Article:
PFC offers packaging alternative with solderless flip chip technology

PFC offers packaging alternative with solderless flip chip technology

Polymer Flip Chip Corp., a new chip packaging firm with a slant on offering a solder-free flip chip process, has opened its doors in Billerica, MA, and is ramping two manufacturing lines capable of producing12 to 13 million units per year.

Initially, the firm is eyeing the “low-temperature” end of the packaging market, where a high-temperature solder process is less suitable for certain applications, such as smart cards, said chief operating officer and co-founder Richard Estes. “It`s not our intention to go head-to-head with the solder markets,” he said.

The key to PFC`s technology is the use of an isotropic, silver-filled conductive polymer. The fully additive process uses an optional screen-printed dielectric polymer passivation step, and a stencil-printed application of the conductive polymer bumps; a third step, application of an epoxy underfill, follows. This method is capable of producing 75-micron diameter bumps on 125-micron centers. PFC said it is currently developing a process that will produce 50-micron bumps on 100-micron centers. Next year, the company is planning to expand into a 32,000-square-foot building in Billerica, where it will operate nine manufacturing lines with a capacity of 90 million units per year, Estes said.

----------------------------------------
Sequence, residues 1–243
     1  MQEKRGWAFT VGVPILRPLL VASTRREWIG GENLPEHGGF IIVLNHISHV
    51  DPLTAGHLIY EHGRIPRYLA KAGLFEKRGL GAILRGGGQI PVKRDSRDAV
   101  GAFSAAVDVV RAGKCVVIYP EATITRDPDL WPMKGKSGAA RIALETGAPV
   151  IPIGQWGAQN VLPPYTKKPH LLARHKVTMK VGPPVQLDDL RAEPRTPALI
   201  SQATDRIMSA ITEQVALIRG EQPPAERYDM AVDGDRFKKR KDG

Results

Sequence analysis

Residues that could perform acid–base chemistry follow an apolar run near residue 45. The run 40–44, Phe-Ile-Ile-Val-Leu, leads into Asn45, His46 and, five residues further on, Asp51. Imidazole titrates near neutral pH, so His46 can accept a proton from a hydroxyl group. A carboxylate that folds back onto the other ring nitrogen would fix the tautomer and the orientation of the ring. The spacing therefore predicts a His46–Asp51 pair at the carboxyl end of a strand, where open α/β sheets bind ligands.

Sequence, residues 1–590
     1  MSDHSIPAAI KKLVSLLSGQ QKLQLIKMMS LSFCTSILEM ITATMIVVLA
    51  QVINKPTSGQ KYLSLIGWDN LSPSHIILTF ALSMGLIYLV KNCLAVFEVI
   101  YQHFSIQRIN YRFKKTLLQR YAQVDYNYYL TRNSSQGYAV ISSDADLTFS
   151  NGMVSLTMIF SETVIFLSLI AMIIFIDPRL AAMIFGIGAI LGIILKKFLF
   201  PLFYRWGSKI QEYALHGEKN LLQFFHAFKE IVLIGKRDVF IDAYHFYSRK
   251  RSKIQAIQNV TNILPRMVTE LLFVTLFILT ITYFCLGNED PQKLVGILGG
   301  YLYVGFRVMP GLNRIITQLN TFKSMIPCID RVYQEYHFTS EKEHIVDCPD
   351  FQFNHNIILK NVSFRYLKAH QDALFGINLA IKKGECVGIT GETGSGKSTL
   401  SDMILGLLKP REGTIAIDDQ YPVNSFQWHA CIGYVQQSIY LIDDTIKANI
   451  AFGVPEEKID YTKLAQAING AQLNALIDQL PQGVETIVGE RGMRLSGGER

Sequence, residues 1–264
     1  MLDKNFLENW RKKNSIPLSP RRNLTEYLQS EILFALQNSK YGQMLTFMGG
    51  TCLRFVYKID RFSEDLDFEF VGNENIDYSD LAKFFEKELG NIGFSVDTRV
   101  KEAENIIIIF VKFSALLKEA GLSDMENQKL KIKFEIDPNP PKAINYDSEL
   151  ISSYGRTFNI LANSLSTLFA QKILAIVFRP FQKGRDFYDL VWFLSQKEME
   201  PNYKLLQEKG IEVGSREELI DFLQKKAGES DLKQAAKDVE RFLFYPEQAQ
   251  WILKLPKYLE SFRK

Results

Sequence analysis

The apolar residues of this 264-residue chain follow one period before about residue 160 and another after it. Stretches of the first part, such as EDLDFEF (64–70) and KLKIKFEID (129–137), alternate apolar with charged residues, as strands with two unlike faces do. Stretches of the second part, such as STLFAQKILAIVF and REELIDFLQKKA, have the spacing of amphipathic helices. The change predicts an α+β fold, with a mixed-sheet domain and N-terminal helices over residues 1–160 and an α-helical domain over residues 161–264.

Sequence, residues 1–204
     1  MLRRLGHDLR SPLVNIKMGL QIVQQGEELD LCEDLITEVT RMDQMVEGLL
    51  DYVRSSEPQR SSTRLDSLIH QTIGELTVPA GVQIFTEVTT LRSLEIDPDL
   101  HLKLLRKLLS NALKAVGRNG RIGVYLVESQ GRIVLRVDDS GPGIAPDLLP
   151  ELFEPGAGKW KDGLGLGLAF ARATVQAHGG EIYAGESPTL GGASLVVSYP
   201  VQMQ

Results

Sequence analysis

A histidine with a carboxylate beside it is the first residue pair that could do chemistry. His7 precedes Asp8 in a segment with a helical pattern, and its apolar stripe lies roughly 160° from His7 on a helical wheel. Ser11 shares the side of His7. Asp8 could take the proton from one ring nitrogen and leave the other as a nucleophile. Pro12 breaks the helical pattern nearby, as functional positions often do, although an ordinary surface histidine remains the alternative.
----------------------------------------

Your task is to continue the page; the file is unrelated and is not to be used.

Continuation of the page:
The firm has about 14 employees, a number of patents and pending patents in the U.S., Japan and other regions. PFC plans to market its technology through a number of outlets, including technology licenses, design services, pilot manufacturing and full volume manufacturing. The company has about 40 development programs underway, some of which Estes believes could lead to either manufacturing contracts or licensing agreements. Currently, dealings include packaging for the smart card, RFID and medical electronics markets, but offerings for SIMM/DIMM and custom ASICs are also envisioned. The firm, founded in 1997, is an offshoot of materials supplier Epoxy Technology, which began experimenting with conductive polymer materials in 1966, said Frank Kulesza, founder and CEO of both companies and a former IBM researcher.

Kulesza noted that once the company opens the additional manufacturing lines next year, the existing lines will be dedicated to pilot production and R&D work.

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